This gave him a year off, where he did a bunch of things that included selling Bibles door-to-door and wresting against Dick the Bruiser, noted bad man, in a sold out Detroit Olympia. The sellout was preceded by a pre-fight altercation in front of the Lindell A.C., which obviously was a busy place. Police were called. Arrests were made. Tickets were sold.

"I wasn't at the Lindell more than few times, but that was one of them," Carl Brettschneider said. "People were flying every which way. It was something to see."

The suspension caused Karras to miss the exhibition game when Plimpton played quarterback. This pretty much kept Karras out of the book, but Plimpton had become close to the Lions and would return and return again. He met Karras and was fascinated. A second Lions book, "Mad Ducks and Bears" came out of the fascination. Karras was the Mad Duck.

In a description of his first meeting with the Mad Duck, Plimpton went to a hotel room where a bunch of Lions were killing time on the day of a game with the Philadelphia Eagles. Karras was lying on a bed -- shook hands while lying on the bed -- making comments about what was on the television. A half-dozen players listened to what he said.

His complaint, as a cigarette commercial played on the screen, was that ugly people had no chance to make commercials. He had no chance. The ad agencies would pick someone like Lions quarterback Milt Plum, who didn't even smoke, didn't even know how to hold a cigarette, because he was trim and good-looking. Karras said he himself had smoked since he was 8 years old. Given the motivation, he could even blow smoke rings. You know what the ad agency would say? "He's OK on those smoke rings, but he's got the face of a mechanic who's gotten squashed working under a large touring car."

"There ought to be a union of us ugly cruds," Karras lamented, and Plimpton wrote. "I'd like to see an ad, a TV ad, in which this great mountain of a girl comes out, just horrible-looking, with a name like Betty Home, and she's advertising nylons, y'see, and she draws on a pair of nylons over those enormous fat thighs. 'Sheer,' she says, working her lips up the way those thin models do."

Who knew that this would happen? Who knew that Karras would be Betty Home?

* * *

"When they wrote the movie, 'Paper Lion,' they put in more and more things for Alex," Roger Brown said. "That started everything. Even while they were doing the movie they put in more things. George liked him. The movie people liked him. That's where it all started."

Karras was -- in the words of the movie business -- discovered. The movie came out in 1968 and Alan Alda played George Plimpton and Alex played Alex and did a heck of a job. He was not ugly any more. He was a genial, big Everyman, a teddy bear. He went on "The Tonight Show" with Johnny Carson. Johnny liked him. America liked him. The same way he made his teammates smile, he made everyone else smile.

He played three more seasons with the Lions, was released in 1971 and began a film and television career. Need an amiable big lout? Need a lout of any dimension? He was your man. In 1974 he played Mongo in Mel Brooks' "Blazing Saddles," where he rode into town on a white ox, knocked out a horse with one good punch and said "Mongo only pawn in game of life." If he never played another role, his place was secured in movie memories.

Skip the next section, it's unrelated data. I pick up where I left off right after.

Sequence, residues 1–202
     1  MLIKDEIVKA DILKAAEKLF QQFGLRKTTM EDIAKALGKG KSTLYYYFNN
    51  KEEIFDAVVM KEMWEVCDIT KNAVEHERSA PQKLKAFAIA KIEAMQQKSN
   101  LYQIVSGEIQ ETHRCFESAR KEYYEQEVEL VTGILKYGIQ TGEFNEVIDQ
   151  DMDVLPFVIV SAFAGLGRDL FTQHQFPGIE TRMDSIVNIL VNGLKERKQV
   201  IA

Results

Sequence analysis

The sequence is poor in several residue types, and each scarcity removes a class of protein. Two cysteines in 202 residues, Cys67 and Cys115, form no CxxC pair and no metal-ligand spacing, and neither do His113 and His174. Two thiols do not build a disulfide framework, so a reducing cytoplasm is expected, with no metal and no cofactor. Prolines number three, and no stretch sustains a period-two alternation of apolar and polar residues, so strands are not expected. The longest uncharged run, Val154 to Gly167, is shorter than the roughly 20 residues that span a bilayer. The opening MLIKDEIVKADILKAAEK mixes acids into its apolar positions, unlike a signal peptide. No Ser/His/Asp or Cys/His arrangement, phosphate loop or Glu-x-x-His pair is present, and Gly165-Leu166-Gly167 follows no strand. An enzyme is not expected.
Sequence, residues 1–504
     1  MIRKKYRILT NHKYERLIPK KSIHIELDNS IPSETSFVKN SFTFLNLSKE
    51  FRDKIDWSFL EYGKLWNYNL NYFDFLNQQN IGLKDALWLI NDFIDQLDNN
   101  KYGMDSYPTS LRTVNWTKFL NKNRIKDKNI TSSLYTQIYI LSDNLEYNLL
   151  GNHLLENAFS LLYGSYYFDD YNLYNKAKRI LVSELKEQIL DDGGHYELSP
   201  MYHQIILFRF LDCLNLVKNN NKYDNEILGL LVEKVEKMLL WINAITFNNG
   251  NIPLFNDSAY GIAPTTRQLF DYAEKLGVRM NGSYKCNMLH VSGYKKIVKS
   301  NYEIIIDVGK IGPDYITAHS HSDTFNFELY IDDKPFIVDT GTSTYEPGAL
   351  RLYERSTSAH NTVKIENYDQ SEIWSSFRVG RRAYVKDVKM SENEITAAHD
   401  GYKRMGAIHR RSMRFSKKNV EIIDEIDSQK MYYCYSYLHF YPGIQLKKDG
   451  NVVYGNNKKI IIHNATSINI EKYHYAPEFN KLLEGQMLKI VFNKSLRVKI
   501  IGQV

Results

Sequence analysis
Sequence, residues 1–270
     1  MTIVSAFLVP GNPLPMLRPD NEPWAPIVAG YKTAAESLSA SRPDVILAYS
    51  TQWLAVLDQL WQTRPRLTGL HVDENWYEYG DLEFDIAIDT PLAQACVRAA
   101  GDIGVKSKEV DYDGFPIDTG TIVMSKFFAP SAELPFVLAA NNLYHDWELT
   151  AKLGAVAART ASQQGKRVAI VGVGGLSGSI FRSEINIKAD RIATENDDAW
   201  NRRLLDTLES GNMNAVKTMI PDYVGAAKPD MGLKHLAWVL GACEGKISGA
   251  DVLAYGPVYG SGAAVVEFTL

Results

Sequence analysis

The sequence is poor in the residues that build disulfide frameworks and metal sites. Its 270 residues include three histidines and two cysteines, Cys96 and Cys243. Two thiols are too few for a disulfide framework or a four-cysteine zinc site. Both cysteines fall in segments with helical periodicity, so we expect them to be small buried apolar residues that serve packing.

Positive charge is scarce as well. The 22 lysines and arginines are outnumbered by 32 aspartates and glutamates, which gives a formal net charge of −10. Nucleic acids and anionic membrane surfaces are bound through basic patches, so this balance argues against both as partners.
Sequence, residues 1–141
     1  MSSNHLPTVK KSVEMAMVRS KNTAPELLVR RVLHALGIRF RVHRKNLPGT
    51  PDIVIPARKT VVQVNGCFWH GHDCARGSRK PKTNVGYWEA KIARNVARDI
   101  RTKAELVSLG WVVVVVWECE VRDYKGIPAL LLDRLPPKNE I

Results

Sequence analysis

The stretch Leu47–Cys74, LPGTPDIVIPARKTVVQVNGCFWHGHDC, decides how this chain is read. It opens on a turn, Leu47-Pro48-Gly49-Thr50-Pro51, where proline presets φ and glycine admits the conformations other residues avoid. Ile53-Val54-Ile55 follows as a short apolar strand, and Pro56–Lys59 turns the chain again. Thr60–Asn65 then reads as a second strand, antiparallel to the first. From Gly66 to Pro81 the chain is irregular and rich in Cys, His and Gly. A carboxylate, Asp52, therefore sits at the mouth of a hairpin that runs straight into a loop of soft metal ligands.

"Before I was a football player, I was an actor," he said more than once. "I've been an actor all my life."

He was part of the Monday Night Football broadcast team with Howard Cosell and Frank Gifford for three years. He played assorted parts in assorted shows from "McMillan and Wife" to "M*A*S*H" to "The Odd Couple." He played George Zaharias, husband to Babe Didrikson Zaharias in a biopic, then married Susan Clark, his co-star. They were a Hollywood couple, famous. They starred with little Emmanuel Lewis for six years in "Webster," a television hit. Karras lived a whole second famous life after football. A more famous life. He made commercials. He made a lot of commercials.

"He was the guy America thought he was," Roger Brown said. "All of those parts he played … they were parts of him. He was kind. He was a competitor. He was a good friend. He was funny … he'd hit you with it when you least expected it. He'd let out that laugh. He'd come up with it. The roles he played were just extensions of Alex."

Then it all ended. Ended too early.

The movies stopped in the last 10 years or so. The notoriety stopped. The dementia settled in, heavier and heavier as the years passed. Brettschneider said Karras developed a social anxiety disorder, didn't want to meet new people. He was fine with people he knew, but didn't want to be introduced to anyone else.

"He'd talk with my wife and me," the old linebacker said. "But if you wanted to introduce him to someone 20 feet away, oh, no, he didn't want to do it."

Brettschneider said he kept in touch until the end. Brown also kept in touch. He wanted Karras to come back to Detroit to be honored, to be part of a group called The Gridiron Greats. Karras declined. Brown understood. He knew the situation. He also heard the talk about concussions. That was Karras last crusade.

"Did you have any concussions?" Brown was asked.

"I counted six," he said. "That's the ones I know."

He said he still has a helmet from when he and Karras played. He described it as a "shell and a couple of straps." He said he would be hit sometimes, no concussion, just hit, and the helmet would split in half. He would go back to the bench and someone would give him another helmet. He would go back and play.

That was the way everyone did it back then.